IT’S one of the most important developments in our football, in particular, and sport, in general — Spanish La Liga club, Real Betis, are coming here this year to launch the first Betis Academy in Africa.
The Spaniards, who have similar projects in the United States, Mexico and China), have chosen Harare as their preferred destination for the launch of the state-of-the-art football academy.
And, in making the big announcement on Thursday, they also added that this would be the first of a series of sports projects in Zimbabwe which Real Betis say they will launch in this country.
“China, Morocco, United States, Mexico, and now, Zimbabwe,’’ the La Liga club announced on their website yesterday.
“Real Betis and the Club’s Foundation reached an agreement with the Zimbabwean agency, Athletes Sphere Management (ASM), to launch a series of sports projects in the African country within the club’s strategic plan, looking to extend its brand and methodology throughout the world, while educating and transmitting the institution’s values through football.
“As an initial step, Real Betis and the Real Betis Foundation will start operating from October, together with ASM, the first Betis Academy on the African continent, specifically in Harare, Zimbabwe’s capital city, with the aim of developing grassroots football in the region by implementing the Club’s methodology, as long as the evolution of the pandemic allows it.’’
There is a reason for us to be excited.
The announcement of this huge sporting investment could not have come at a better time for this country given our country has been in the news, across the globe, for all the wrong reasons with its political detractors, not for the first time, revving up their campaign to soil its image.
We have seen the opposition political players, working in cahoots with their foreign handlers, going on the offensive to try and paint an incorrect picture that there is a huge crisis in Zimbabwe which urgently needs to be resolved by the intervention of outsiders.
They have been falsely claiming there are serious human rights abuses being carried out by the country’s authorities and flooding their social media handles with images, plucked from elsewhere, to give an impression things had broken down in Zimbabwe.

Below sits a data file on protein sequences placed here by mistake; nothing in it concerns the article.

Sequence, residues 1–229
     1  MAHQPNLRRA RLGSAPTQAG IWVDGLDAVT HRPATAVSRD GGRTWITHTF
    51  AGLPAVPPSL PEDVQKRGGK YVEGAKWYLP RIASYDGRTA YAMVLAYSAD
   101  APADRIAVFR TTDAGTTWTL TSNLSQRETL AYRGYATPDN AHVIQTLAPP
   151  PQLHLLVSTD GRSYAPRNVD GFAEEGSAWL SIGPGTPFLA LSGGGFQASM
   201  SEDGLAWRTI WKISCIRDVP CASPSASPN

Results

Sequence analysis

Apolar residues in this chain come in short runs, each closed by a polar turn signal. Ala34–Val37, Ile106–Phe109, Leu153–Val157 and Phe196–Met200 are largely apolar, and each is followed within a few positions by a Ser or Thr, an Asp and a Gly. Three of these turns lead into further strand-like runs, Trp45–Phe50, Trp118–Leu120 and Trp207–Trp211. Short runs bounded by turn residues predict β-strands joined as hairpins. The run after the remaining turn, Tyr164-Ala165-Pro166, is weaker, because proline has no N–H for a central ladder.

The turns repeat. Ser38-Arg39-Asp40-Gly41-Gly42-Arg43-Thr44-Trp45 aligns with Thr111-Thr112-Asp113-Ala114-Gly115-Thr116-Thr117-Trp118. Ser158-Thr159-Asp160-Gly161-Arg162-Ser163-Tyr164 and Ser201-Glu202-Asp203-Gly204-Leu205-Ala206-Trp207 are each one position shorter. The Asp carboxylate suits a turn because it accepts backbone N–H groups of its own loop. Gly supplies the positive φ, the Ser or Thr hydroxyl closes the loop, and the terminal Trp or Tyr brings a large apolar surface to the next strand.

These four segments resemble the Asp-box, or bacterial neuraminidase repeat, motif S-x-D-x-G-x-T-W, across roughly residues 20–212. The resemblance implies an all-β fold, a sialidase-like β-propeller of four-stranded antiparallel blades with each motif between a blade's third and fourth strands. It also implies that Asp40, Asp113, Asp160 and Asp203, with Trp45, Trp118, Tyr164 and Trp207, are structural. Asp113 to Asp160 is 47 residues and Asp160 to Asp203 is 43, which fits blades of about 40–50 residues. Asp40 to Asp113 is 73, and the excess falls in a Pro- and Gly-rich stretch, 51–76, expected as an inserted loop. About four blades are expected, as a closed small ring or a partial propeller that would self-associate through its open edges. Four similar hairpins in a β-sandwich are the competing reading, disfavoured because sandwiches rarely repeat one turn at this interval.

So dire is the situation in this country, they have been saying in their flurry of false narratives on Twitter, they have been falsely claiming the country has been placed on the agenda of the Sadc summit to be held next Monday.
But, as we have seen again and again, lies end up being exposed for what they are and the truth, at the end of the day, always prevails.
It’s very refreshing to note that, amid all this flurry of their gospel of negativity, we have others, like the leaders at Real Betis FC, who have chosen to look beyond the mirage of lies which these activists have been painting.
And, as the Spanish top-flight club announced on Thursday, they are going to invest into the future of Zimbabwean football by launching a state-of-the-art academy here.
And, their vision appears a perfect list of requirements that our national sport has been crying out for:
- Organisation and promotion of all kinds of sporting activities.
- Promotion of Academy and amateur football.
- Activities focused on the sports formation and technification for coaches and athletes, as well as managers and directors of sporting institutions.
- Research, studies and publications related with the objects and activities of the Foundation.
- Conservation, promotion, diffusion and assessment of the Real Betis Balompié historical, cultural and social patrimony.
- Management and use of the sporting facilities and equipment in which the activities will take place, whether they belong to Real Betis Balompié or any other public or private institution.
- Cooperation actions and promotion of sports in developing countries.
There is no doubt that there is huge potential in Zimbabwean football and that we are the only Southern African country, right now, who have a player featuring in the English Premiership, is testimony to that.
Even though the game here doesn’t have the kind of financial investment, which is the lifeblood of the sport elsewhere in the region, our productive nurseries have continued to produce some fantastic football players.
At the start of the English Premiership, in August 1992, we were the only African nation whose player, Peter Ndlovu, was in action and that helped open up the gates for scores of others, from the continent, to play in that league.
Former Warriors goalkeeper Bruce Grobbelaar won six league titles, and the European Cup, with Liverpool, during a lengthy stay at Anfield.
The leaders in La Liga must have been noticing, for some time now, that we might not be a country considered a powerhouse, when it comes to football on the continent, but we have always punched above our weight when it comes to producing quality footballers.
That is why Real Betis have come on board, to be our partners, in the production line of the next generation of quality footballers from this country.
It’s an area which our football leaders had neglected, for years now, with very little being poured into the game’s grassroots for it to produce as many players as it possibly can.
And, now, with this major incoming investment, things will change dramatically and Zimbabwe could become the jewel in the crown, in the identification, and development, of the region’s next generation of superstar footballers.
This is a huge development and we all should play our part to ensure that it turns into the success story that we all want it to become at the end of the day.